The holidays–it’s the most wonderful time of the year—and for many, also filled with holiday anxiety. You’re not the only one experiencing a reality far different from those peaceful scenes depicted in the movies. Twenty percent of American adults have mental health disorders like depression and anxiety, and during the holidays especially, millions more experience anxiety triggered by the stress of the holiday season.
Anxiety is fear of a situation—so much so that physical symptoms appear, such as stress, irritability, sweating and heart palpitations.
Why does this happen to so many people? One of the main reasons is that holidays focus on family time and it can be a painful reminder to those that don’t have the perfect family situation.
People are much busier during the holidays, and the packed schedule of trying to get work and holiday shopping and planning done can make people feel extremely anxious. Travel creates stress, as does the darker and colder days and bad weather.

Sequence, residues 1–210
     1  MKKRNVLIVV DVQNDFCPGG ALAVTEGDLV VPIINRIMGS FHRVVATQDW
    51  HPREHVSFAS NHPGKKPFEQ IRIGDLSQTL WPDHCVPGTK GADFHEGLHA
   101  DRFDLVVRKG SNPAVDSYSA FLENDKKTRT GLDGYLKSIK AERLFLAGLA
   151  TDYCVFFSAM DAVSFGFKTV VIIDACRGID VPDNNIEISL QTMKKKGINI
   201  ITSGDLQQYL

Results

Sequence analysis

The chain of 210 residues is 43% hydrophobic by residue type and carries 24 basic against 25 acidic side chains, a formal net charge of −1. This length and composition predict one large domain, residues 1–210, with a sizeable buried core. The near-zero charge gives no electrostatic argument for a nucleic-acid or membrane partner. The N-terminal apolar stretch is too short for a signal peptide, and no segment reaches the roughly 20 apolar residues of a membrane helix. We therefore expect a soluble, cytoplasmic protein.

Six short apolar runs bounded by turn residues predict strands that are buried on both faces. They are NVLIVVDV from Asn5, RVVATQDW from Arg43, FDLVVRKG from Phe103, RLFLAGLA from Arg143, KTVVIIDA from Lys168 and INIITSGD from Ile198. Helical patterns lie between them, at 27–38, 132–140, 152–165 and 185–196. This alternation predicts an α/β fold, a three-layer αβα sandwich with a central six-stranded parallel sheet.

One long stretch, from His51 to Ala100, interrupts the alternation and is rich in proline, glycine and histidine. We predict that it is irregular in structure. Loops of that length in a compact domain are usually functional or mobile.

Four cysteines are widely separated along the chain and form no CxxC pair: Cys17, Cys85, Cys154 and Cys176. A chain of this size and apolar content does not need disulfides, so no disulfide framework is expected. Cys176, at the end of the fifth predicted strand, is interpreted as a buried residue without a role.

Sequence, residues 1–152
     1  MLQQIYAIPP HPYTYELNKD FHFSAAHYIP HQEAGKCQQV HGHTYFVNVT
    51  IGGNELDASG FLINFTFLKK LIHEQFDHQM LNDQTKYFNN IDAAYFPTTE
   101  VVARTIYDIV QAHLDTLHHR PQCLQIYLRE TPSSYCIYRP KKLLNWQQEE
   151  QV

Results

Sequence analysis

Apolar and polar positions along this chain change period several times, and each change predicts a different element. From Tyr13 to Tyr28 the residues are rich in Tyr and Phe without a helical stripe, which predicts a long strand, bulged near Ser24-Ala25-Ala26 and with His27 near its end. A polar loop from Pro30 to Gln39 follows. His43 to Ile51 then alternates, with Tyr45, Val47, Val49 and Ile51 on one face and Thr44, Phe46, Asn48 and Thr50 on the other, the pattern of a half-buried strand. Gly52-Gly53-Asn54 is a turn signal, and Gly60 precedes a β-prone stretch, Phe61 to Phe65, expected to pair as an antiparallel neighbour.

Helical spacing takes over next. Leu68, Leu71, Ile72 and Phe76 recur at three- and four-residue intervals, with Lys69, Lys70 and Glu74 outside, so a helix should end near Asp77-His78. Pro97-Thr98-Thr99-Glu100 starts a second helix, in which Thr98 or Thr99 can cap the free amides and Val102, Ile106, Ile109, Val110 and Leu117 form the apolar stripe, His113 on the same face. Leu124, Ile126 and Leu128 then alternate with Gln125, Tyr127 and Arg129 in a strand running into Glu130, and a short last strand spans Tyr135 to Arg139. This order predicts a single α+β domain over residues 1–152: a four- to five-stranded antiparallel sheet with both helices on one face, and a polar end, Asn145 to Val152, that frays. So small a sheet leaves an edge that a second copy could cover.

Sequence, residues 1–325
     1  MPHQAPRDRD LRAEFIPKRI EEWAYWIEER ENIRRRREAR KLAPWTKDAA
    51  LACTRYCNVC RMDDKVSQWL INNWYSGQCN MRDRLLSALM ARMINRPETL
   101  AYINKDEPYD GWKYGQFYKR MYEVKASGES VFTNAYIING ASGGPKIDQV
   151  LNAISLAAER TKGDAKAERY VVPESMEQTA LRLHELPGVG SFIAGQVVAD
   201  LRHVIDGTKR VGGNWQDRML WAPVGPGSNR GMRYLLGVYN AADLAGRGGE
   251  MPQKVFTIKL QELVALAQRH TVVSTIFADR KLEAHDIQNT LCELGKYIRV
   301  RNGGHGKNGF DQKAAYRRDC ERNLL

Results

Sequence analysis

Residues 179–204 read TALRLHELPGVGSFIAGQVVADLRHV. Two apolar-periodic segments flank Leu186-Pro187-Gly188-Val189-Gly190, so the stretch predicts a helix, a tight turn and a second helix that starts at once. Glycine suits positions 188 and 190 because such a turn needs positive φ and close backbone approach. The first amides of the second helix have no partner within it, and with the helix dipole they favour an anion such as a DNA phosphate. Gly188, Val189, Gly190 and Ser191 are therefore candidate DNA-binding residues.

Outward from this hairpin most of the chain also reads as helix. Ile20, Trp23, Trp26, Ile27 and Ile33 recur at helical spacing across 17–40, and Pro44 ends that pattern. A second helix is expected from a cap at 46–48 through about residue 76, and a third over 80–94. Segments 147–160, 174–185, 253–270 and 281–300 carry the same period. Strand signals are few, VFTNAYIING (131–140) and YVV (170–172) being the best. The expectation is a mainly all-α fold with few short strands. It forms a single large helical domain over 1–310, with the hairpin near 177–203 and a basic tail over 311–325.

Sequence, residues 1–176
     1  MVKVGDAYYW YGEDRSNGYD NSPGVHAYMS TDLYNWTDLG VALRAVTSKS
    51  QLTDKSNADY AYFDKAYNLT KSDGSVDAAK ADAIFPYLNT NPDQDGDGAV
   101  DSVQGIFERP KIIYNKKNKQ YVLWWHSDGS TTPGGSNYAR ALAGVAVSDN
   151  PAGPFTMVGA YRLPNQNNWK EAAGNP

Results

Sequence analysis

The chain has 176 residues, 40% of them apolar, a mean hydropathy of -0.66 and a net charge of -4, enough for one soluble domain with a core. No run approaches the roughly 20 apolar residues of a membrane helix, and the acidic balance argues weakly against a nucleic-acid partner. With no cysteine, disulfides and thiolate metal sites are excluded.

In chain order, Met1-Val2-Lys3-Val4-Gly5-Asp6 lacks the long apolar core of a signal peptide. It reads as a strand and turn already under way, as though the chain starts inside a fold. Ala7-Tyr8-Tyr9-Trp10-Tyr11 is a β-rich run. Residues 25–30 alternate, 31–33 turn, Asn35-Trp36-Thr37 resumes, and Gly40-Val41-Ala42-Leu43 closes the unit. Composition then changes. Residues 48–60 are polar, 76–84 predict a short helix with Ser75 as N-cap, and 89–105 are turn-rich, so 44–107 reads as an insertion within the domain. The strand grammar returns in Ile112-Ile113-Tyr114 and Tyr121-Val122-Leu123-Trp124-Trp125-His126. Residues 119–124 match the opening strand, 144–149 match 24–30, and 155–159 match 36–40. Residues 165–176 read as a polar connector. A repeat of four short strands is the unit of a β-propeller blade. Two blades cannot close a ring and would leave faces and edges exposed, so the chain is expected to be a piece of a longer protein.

There can also be lots of financial pressure during the holidays, and unrealistic expectations that things are going to be picture-perfect.
There are two main things you can do that will really help.
- Set boundaries—schedule time for yourself and set boundaries about working late, and try not to over-commit to holiday and family parties.
- Ask for help. Talk to someone—a trusted friend, or even a professional.
Here are some additional tips to try:
- Try to get enough sleep, at least seven hours per night. You’ll be amazed how much this boosts your mood and improves your overall mental outlook.
- Keep exercising, as it also is a mood booster. Even if you’re in the mall, just walk around to get some exercise.
- Be social without over-committing socially. Don’t isolate yourself. Go have coffee with a friend, or go to a party that you normally would not attend.
If your symptoms get severe or unmanageable, be sure to seek professional help.